DISCLAIMER: I have not personally tested each and every one of these products and therefore can’t recommend just copying this list and heading out on a trip. Every hiker has different needs, and this list is intended to provide ideas to help cut weight without breaking the bank.

Pack and Sleep System

ULA CDT

MSRP: $145
Weight: 24 ounces

This is a 50L frameless pack made of tough robic material, the same used on all ULA packs. The pack size is plenty for a smaller gear loadout, especially with  a lower base weight. Using your sleeping pad as a back panel will help increase comfort and give the pack more structure when hiking.

Six Moon Designs Skyscape Scout Tent

MSRP: $135
Weight: 34 ounces

This is a silnylon trekking pole tent isn’t rated at a certain size, but I used it on the entirety of my AT hike and there was plenty of room to sleep for one  person and store gear inside the tent at night.

Kelty Cosmic Down Sleeping Bag

MSRP: $115
Weight: 31 ounces

While it’s not the lightest bag out there, this is where the budget limitations come in. This is a cost-effective 40-degree bag, great for the summer season and kept me plenty warm on the AT.

Z-Lite Sol Foam Sleep Pad

MSRP: $35
6 ounces (shortened)

Good lightweight pad, I shortened the pad to just 6 rectangles to go from my shoulders to my waist. At only $35 and weighing 6oz when shortened, you can’t go wrong.

MSR Mini Groundhog Stakes

MSRP: $2.50 / stake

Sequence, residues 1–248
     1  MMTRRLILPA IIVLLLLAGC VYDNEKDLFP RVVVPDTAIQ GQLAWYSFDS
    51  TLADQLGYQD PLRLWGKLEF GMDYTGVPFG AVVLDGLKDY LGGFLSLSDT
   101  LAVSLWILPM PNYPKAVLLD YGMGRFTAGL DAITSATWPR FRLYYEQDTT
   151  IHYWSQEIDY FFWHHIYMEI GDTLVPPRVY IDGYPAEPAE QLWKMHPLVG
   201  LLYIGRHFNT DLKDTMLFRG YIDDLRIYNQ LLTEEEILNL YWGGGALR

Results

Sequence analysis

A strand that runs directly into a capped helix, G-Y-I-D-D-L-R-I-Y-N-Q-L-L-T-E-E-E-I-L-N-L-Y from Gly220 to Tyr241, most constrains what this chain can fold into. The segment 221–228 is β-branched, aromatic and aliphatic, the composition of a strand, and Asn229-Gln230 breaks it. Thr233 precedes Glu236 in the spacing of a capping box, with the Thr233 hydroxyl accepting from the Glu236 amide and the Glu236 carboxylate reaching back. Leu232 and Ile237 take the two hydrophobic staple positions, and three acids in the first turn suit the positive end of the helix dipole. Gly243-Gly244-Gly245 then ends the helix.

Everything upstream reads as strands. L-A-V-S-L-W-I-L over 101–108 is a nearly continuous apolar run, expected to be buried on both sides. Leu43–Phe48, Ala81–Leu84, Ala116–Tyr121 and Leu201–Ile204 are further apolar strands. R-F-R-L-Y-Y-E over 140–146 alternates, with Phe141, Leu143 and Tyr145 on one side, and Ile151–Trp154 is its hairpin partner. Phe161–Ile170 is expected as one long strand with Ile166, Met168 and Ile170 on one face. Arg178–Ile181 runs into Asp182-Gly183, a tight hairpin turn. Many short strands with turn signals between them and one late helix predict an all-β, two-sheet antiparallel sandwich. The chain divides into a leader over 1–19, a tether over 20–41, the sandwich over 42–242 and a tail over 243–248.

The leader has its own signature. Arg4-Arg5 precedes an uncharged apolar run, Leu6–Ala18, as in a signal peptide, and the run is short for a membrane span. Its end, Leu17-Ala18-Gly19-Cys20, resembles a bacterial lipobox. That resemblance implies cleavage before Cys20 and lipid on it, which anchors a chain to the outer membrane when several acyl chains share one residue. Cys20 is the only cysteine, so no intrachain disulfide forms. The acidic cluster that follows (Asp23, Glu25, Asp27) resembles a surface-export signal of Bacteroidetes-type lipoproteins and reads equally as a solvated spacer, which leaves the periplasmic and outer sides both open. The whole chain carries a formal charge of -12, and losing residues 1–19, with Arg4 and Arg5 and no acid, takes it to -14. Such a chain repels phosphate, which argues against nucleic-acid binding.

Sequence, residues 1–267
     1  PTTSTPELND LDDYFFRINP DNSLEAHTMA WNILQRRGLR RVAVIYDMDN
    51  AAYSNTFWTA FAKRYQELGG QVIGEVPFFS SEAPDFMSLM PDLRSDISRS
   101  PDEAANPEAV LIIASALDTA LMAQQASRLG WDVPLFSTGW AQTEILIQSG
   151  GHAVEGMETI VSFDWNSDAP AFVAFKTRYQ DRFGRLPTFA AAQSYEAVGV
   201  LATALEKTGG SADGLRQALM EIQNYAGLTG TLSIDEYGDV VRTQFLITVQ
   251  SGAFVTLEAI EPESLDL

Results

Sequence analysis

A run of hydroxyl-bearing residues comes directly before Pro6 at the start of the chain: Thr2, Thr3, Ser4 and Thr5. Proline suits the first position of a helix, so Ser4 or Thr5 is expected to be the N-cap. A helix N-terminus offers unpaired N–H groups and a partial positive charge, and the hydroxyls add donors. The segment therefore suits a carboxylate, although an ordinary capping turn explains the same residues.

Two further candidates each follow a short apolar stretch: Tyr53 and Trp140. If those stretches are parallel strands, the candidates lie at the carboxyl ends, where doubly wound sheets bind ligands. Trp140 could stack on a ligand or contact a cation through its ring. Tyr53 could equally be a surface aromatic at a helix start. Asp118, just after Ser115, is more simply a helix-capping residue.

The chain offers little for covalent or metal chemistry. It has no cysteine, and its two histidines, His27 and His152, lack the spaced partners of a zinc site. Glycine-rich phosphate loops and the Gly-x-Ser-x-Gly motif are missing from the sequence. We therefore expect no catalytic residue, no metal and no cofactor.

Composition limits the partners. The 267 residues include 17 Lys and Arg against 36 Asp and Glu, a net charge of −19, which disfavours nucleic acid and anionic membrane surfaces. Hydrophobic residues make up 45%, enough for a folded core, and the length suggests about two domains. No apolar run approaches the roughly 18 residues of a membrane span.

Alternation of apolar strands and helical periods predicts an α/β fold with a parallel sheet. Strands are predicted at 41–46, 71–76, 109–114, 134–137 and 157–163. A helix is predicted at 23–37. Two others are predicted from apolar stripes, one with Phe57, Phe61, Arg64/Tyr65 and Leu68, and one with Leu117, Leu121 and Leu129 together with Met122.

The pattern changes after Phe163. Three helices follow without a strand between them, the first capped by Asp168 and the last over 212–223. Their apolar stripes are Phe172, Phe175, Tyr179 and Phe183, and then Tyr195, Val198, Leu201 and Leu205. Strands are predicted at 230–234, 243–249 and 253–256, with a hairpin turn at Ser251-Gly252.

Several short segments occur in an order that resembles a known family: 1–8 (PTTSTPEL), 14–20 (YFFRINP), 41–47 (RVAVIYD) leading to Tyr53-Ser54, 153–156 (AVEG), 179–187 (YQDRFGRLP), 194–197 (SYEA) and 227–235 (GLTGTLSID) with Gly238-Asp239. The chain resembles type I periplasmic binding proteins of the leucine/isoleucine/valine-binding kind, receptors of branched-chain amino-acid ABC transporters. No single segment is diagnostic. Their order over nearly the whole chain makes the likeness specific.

Weight: .35 ounces  

Super tough, so light you’ll forget you have them. Stakes are 6 inches long.

Clothing, Packed

REI Co-op Down Jacket

MSRP: $99
Weight: 8.8 ounces

 

This weight and price for a down jacket is hard to beat. And REI’s return policy is pretty sweet.  If you don’t like it, they offer one-year satisfaction guarantee on all their returns.

Beanie

You can basically use any beanie you own. If you don’t have one, most can be picked up for around $15, and around 2.5oz.

Frogg Togg Rain Jacket

MSRP: $20
Weight: 5 ounces

This is the most cost-effective rain jacket you will find. They may not breathe well, but it will keep the rain and wind off you.  They are not the most durable jackets, but if you take care of them, they can last you a full thru-hike.

Spare Socks

MSRP: ~ $16
Weight: ~ 2.5 ounces

 

I use Darn Tough socks, but you can use whatever socks you have. You should always have a spare pair of socks; your feet are pretty important, so baby them up.

Base Layer Bottoms

Any brand you have will do, but I was able to find some Hanes Long Johns for $16 on amazon. Most Long Johns in the lighter weights will be around 7-8oz. I find some sort of leggings are great for sleeping in/colder days on trail.

Odds and Ends

1L Powerade Bottle/Smartwater Bottle

I usually bring about 2L of water carrying capacity, more if I’m hiking in desert. Use cheap water bottles. Powerade bottles are great with the wide lid and they come with POWERADE! $4 will get you 2L of capacity for 2.8oz.

Sawyer Squeeze Filter

MSRP: $40
Weight: 3.2 ounces

Don’t waste your time on the Sawyer Mini, the flow rate is pitiful. The full size is definitely worth the extra half ounce. You should also leave the plunger at home and, if you use a Smartwater bottle, a sort cap can be used to shoot water through the filter to backflush it when needed. Another UL option is the new Katadyn BeFree, which is getting rave reviews from last year’s hikers.